A “construction contract” may no longer need to be in writing but there still needs to be a contract. Working out whether there was an oral contract may not be easy but does the fact that the works have been carried out help? A subcontractor carried out works at the Dorchester Hotel and the main contractor made a number of payments but, when the subcontractor submitted its final account, the contractor failed to respond with a pay less notice and the subcontractor obtained an adjudication award in its favour. The main contractor claimed, however, that there was no concluded contract and that the adjudicator consequently had no jurisdiction to decide the dispute.

The court said that, where works have in fact been carried out, it may readily find that there was an intention to create legal relations. Even if there was insufficient certainty about the agreement of a price or pricing mechanism, the court will readily infer that the person carrying out the works is entitled to be paid on a quantum meruit basis rather than reaching the more drastic position of denying the existence of a contract altogether.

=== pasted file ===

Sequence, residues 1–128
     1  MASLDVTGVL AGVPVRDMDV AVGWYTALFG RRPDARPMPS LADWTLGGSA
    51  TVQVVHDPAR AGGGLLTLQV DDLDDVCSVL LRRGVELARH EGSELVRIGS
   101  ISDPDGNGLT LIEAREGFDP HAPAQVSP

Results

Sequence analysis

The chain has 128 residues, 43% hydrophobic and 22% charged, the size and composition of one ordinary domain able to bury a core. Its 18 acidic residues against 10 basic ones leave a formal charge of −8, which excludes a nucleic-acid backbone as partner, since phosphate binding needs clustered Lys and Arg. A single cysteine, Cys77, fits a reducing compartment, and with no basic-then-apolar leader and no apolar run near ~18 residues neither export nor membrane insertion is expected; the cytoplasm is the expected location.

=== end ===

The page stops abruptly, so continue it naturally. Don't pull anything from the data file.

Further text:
It seemed clear “beyond argument” to the judge that there was in fact a contract in place. There was substantial “performance” on both sides, with the subcontractor carrying out the works and the main contractor making payments amounting to £654,000. While it is theoretically possible for parties to carry out works and to receive payments without having entered into a legally binding agreement, it was unrealistic to suggest that is what had happened, for a number of reasons, including a clear acknowledgement, by a key employee of the main contractor, that there was an agreed original scope of works with an agreed contract value, to be supplemented by subsequent variations. The adjudicator’s award was therefore enforced.

Purton (t/a Richwood Interiors) v Kilker Projects Ltd [2015] EWHC 2624